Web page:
Some routines are meant to be broken!! You need to be applying the Progressive Overload Principle to your training in order to see progress through various training modalities, loads and intensities. It’s easy to get comfortable with an exercise routine that you perform day in and day out, without really paying attention to your form, fatigue levels during various movements or lifts, the order of your exercises and the intensity of your loads. Exercise is science, so if you aren’t getting the gains or losses in some cases that you desire from your program, the culprit is usually in not properly maximizing or executing these components. Progressively overloading your program could be as simple as changing your grip, for example, so check out these exercises below to flip the script on your routine and keep that exercise rut from growing roots and strangling your progress!
Barbell Reverse Shoulder Press
Chest-Deltoid Tie-In—This is where the front delt meets the chest, and unlike the overhand grip, the reverse grip with your palms facing in forces your elbows out in front of your body. Suddenly the focus shifts from the middle of the delt head to the front while also synergistically working the chest.
- Sit on a bench, feet flat on ground and back adjusted to 90 degrees
- Use slightly wider than shoulder-width, underhand grip and begin with the bar under your chin and just above your chest
- Press the bar straight up until your arms are fully extended
- Using a 3 count tempo, return to start
Reverse Grip Incline Press
Upper Chest, Triceps—Unlike the overhand grip, which focuses on mid-to-lower chest) the reverse-grip emphasizes the upper portion of the muscle, which ladies, will help to firm and raise your breasts a bit
- Lie face-up on an incline bench, 45 degrees, and feet flat on the floor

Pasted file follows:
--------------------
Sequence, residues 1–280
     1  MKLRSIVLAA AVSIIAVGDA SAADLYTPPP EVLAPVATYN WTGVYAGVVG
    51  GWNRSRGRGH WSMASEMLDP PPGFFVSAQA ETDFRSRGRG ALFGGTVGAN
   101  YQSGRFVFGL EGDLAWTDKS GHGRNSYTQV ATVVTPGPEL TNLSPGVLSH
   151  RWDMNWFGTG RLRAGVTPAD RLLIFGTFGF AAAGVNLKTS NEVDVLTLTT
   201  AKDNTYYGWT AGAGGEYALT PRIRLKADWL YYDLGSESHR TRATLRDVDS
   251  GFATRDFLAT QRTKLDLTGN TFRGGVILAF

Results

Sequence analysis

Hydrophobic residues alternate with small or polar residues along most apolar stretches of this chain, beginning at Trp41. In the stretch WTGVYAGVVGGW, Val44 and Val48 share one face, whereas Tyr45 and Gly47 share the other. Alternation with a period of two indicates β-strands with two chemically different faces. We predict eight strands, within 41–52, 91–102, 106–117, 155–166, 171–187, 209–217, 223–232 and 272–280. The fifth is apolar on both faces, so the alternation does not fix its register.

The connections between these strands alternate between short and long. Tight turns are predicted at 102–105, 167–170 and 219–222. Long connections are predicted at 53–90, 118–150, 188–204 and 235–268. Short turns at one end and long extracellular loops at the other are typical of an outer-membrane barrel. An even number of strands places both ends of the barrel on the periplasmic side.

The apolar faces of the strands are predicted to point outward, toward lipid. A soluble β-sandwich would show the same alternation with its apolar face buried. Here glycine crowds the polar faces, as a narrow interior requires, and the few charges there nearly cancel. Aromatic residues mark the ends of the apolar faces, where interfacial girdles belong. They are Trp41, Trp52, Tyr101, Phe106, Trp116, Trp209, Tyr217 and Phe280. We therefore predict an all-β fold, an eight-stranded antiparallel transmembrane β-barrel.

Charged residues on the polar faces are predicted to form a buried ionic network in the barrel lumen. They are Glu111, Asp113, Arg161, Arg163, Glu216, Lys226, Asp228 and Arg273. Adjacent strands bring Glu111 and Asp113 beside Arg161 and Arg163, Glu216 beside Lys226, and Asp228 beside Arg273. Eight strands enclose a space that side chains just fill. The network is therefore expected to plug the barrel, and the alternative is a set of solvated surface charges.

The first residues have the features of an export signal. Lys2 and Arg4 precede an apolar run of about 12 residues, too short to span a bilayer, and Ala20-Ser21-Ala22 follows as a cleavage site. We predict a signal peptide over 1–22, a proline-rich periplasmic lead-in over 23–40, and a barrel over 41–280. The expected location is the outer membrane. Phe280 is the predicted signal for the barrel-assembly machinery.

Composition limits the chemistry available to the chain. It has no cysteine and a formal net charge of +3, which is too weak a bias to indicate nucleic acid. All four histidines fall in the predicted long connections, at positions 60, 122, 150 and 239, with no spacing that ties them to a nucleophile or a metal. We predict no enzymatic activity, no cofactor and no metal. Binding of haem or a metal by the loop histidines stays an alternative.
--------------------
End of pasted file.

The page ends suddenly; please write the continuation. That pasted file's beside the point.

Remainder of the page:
- Hold bar with a shoulder-width, reverse grip (palms facing up)
- Lift the bar from the rack and fully extend your arms so that the bar is above your chest
- Slowly lower the bar toward your chest, but KEEP ELBOWS POINTED FORWARD, NOT TO THE SIDES
- Pause, then press bar toward ceiling in a SLIGHT ARC using a controlled motion
- Stop just short of locking your elbows
Reverse Grip Barbell Curl
Lower Lats that wrap around Core Band—while this is a common exercise, it often gets neglected in a training program, as the lat pull-down takes most of the credit for building a broad, sweeping, upper body visual line. But this grip keeps your elbows closer to the body, generating more power and engaging the back muscles that wrap around the core band.
- Attach a V-handle, or close-grip handle onto the lat-pulldown machine
- With your arms fully extended overhead, engage and brace your core, with back slightly arched and feet flat on floor
- Squeeze shoulder blades together while simultaneously pulling attachment to chest, with ELBOWS BACK AND DOWN
- Squeeze at the bottom of the movement for a 2 or 3 count and then slowly return to the top of the movement
Close Grip Pull Downs
Isolate Biceps Brachialis (side of arm between biceps and triceps) which will add more overall size and shape than the traditional biceps curl, while focusing on the outer, “slope” of your arm
- Stand holding a barbell with an overhand grip
- Engage and brace abs, chest proud and head in a neutral position looking forward
- Contract biceps to curl bar toward the tops of your shoulders
- Hold for a 2-3 count at the top and then return to the bottom of the movement
*You can also perform this on the Preacher Curl Bench, but again, with the reversed grip, you focus less on the inner portion of the biceps, and focus more on the long head of the biceps!
Yours in health and fitness,